Because of Indian laws, the battle between Flipkart and Amazon (and Alibaba via Paytm) is a battle of marketplaces.
The Indian government forbids foreign direct investment in retailers that sell directly to consumers; therefore Amazon (by virtue of being owned by Amazon, a U.S. company) and Flipkart (by virtue of having multiple non-Indian investors) are forbidden from being retailers at all. Rather, both have a model akin to the Amazon marketplace model here in the U.S.: each provides a platform for 3rd-party sellers to sell to end users while taking care of everything else (the Indian government considers this sort of model a business-to-business one between sellers and the marketplaces, as opposed to the direct business-to-consumer model that can’t take foreign investment).
It should be noted that doesn’t completely describe the situation: both Flipkart and Amazon have affiliated companies that, through various corporate structures and investments, get around the ban of foreign direct investment in order to sell to consumers via the Flipkart and Amazon platforms (WS Retail for Flipkart, and Cloudtail India for Amazon). The Indian government has cracked down on those too, though, restricting any one seller to 25% of an online marketplaces overall business (the most immediate effect was to force both WS Retail and Cloudtail to reduce the number of smartphones sold, which are a very popular online purchase with outsized gross merchandize value; Flipkart in particular has been criticized for focusing too much on selling smartphones because of its impact on gross merchandize value to the detriment of the rest of the business). That new regulation, though, combined with the general limitation on direct sales, means that Amazon and Flipkart are basically forced into a pure aggregation model without the luxury of laddering up from a more traditional retailer model like Amazon did originally.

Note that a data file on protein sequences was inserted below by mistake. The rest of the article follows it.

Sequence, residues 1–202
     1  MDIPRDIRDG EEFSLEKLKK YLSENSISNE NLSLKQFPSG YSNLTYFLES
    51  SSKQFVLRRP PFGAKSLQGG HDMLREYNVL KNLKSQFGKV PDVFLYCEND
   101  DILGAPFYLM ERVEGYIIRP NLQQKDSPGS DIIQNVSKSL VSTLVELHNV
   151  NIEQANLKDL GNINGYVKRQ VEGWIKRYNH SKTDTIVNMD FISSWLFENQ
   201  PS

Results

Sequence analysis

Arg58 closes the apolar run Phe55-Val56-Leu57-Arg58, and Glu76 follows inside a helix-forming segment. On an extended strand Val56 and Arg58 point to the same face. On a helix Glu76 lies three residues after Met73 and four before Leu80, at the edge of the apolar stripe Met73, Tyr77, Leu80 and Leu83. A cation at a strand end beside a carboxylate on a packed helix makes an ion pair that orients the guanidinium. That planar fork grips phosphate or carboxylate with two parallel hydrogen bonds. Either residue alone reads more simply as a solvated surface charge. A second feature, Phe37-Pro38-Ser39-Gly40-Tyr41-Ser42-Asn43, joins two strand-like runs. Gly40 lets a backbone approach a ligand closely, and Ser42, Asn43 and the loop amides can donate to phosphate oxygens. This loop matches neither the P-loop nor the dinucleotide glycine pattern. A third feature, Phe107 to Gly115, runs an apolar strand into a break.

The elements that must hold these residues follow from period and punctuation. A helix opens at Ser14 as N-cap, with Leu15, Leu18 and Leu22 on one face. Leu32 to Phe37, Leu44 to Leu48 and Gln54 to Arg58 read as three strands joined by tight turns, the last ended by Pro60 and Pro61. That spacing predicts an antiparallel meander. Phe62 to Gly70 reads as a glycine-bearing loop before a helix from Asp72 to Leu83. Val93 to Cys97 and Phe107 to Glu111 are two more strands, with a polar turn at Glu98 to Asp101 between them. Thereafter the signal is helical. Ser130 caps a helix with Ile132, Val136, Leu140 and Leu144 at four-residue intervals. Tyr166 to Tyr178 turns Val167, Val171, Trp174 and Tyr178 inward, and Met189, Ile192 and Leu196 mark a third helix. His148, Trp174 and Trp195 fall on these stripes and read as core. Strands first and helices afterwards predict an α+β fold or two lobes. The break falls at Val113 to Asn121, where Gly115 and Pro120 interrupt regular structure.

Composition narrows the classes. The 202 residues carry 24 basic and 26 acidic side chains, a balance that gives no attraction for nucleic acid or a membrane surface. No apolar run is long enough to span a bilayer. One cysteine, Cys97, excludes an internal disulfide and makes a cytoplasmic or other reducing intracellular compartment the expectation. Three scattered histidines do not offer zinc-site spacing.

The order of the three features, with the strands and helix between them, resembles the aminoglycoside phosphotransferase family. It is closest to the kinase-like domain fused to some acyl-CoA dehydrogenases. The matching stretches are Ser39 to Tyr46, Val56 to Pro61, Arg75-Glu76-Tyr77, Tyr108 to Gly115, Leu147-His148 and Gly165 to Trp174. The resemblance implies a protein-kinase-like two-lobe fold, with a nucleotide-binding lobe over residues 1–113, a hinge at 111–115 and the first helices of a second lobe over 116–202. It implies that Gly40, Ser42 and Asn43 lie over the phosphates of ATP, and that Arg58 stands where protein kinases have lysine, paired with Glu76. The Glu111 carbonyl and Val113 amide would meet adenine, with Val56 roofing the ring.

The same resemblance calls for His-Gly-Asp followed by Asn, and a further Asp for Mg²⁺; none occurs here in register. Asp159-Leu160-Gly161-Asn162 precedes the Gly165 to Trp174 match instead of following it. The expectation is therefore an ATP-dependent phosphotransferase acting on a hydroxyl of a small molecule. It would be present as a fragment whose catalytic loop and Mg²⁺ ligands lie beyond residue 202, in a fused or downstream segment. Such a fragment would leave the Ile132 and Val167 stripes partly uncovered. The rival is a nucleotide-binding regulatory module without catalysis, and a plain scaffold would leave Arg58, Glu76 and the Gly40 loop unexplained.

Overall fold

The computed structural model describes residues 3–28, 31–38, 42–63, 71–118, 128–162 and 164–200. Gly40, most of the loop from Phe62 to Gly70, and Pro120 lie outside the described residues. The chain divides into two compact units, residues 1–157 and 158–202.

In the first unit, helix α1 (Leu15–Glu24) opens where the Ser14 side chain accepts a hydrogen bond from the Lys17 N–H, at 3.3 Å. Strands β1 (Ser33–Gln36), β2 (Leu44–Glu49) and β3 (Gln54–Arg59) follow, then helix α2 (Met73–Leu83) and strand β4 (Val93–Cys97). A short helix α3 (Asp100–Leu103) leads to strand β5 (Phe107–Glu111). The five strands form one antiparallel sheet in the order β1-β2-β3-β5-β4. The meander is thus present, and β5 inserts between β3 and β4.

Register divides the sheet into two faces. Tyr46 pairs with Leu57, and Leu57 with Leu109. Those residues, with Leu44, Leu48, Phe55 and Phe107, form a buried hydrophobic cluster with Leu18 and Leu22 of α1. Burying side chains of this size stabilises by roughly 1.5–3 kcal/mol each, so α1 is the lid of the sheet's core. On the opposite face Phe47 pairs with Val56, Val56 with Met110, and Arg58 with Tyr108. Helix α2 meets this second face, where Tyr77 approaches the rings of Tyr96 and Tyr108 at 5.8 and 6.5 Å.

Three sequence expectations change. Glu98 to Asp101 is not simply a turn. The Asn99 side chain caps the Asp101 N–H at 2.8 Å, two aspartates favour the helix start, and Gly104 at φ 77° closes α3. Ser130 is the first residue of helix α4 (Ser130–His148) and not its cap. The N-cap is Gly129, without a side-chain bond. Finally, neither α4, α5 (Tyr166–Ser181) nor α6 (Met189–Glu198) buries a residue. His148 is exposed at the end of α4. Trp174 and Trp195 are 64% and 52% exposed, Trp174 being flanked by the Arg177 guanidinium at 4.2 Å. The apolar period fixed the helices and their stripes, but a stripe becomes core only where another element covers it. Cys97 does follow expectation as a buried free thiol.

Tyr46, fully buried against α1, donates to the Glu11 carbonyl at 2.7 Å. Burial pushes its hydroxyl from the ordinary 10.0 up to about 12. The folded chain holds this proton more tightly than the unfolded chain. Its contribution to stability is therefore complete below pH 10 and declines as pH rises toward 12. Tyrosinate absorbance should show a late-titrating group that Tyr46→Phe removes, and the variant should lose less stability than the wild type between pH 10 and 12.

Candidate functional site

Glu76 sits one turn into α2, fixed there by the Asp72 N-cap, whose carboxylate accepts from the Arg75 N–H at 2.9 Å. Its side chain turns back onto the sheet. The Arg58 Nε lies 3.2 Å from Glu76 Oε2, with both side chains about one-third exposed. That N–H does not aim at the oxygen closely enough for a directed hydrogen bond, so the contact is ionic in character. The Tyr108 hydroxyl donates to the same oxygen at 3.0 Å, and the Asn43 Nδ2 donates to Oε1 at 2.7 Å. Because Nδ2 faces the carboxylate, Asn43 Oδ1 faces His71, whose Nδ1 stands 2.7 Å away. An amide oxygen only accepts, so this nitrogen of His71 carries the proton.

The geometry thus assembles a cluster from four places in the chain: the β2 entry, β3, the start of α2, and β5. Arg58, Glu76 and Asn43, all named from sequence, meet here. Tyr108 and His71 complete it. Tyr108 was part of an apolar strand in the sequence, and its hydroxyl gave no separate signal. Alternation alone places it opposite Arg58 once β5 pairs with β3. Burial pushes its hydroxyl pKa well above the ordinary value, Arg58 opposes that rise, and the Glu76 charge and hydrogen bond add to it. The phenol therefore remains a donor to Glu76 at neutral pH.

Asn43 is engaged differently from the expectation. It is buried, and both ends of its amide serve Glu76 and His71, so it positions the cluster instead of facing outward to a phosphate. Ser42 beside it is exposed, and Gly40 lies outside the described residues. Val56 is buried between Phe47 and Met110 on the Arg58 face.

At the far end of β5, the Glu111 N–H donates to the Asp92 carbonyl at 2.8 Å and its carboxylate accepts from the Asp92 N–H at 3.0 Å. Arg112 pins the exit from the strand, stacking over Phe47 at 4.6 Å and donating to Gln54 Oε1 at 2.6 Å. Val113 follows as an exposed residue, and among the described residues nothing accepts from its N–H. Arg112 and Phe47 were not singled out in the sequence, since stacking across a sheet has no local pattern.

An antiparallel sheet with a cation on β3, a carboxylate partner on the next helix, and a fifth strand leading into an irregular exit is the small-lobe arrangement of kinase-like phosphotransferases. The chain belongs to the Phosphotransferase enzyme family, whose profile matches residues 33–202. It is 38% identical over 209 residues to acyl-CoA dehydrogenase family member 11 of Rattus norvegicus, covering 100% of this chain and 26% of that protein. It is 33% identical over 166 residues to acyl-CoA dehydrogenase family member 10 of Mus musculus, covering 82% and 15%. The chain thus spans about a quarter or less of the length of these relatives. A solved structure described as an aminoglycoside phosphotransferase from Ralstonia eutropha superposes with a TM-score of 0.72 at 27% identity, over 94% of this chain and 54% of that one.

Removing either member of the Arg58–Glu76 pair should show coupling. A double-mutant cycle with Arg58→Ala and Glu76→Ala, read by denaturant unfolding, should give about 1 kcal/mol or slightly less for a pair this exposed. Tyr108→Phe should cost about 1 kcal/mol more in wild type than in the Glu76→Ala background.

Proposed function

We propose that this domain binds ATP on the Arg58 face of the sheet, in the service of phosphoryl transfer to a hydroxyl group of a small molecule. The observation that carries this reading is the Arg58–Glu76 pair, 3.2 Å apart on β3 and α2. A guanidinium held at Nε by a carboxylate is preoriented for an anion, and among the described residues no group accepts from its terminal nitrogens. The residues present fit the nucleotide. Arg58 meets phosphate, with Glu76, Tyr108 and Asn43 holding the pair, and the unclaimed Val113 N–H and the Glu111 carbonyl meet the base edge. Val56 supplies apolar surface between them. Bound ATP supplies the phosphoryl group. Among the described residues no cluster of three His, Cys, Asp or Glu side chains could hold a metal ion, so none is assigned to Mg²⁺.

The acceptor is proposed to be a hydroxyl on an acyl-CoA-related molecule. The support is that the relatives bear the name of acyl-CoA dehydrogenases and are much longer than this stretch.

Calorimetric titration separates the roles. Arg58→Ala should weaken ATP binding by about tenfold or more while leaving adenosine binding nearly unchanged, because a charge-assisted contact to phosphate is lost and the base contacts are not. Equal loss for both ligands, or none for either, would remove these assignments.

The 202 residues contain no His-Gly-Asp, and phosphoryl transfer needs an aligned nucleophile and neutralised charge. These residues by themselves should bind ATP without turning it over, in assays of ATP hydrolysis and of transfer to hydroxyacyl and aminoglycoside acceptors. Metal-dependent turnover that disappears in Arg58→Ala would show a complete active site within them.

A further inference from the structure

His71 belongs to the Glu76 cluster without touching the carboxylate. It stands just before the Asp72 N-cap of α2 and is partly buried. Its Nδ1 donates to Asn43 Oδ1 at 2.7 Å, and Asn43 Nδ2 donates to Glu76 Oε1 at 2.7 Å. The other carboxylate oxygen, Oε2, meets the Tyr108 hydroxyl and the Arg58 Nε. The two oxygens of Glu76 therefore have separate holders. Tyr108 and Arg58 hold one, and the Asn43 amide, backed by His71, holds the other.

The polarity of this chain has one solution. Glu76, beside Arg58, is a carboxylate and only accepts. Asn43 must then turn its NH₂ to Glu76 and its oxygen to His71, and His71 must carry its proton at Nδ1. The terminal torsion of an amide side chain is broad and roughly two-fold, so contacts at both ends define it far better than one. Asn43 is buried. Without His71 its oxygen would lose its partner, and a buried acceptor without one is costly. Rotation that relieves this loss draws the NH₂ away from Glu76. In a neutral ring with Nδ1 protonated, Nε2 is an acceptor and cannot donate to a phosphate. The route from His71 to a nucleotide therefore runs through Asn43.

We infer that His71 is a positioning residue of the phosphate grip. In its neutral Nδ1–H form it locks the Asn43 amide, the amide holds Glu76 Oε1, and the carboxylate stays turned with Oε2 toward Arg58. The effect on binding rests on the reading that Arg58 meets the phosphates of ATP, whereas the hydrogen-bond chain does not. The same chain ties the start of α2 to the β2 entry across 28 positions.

Flipkart, of course, feeling the heat from Amazon, has recently pushed ever so slightly for more regulation against domestic companies. And domestic capital. The Economic Times from last December, laying bare the hypocrisy:
In the past seven years, online companies from India have raised $16 billion of foreign venture capital. Flipkart alone attracted $3.2 billion. Foreign capital has fuelled India’s e-commerce economy. The number of startups founded by former employees of Flipkart is 124, according to startup database Tracxn.
Similarly, its fashion subsidiary Myntra has spawned 36 startups. The number of startups funded by Flipkart’s founders is at least 20, including Tracxn itself. Flipkart has created the technology environment for these 180-odd entrepreneurs. But none of this would have happened without foreign capital, and the global exposure that the journey involves. Weighed against this backdrop, Sachin Bansal’s remarks at the Carnegie Tech India Summit in Bengaluru earlier this month urging the government to design policies that favour homegrown companies caused a flutter. “What we need to do is what China did (15 years ago) and tell the world we need your capital, but we don’t need your companies. We cannot be cut off from the world as China has, but we need to start thinking about selfreliance,” he said.
After Flipkart’s recent big found from domestic investors we may not see more in this vein but the regulatory angle remains relevant regarding India. It makes sense for India too: The Indian market is big enough and thus attractive enough to withstand regulation that would kill or at least put a damper on smaller markets. The Indian government knows this too. (It’s not hard to figure out.)
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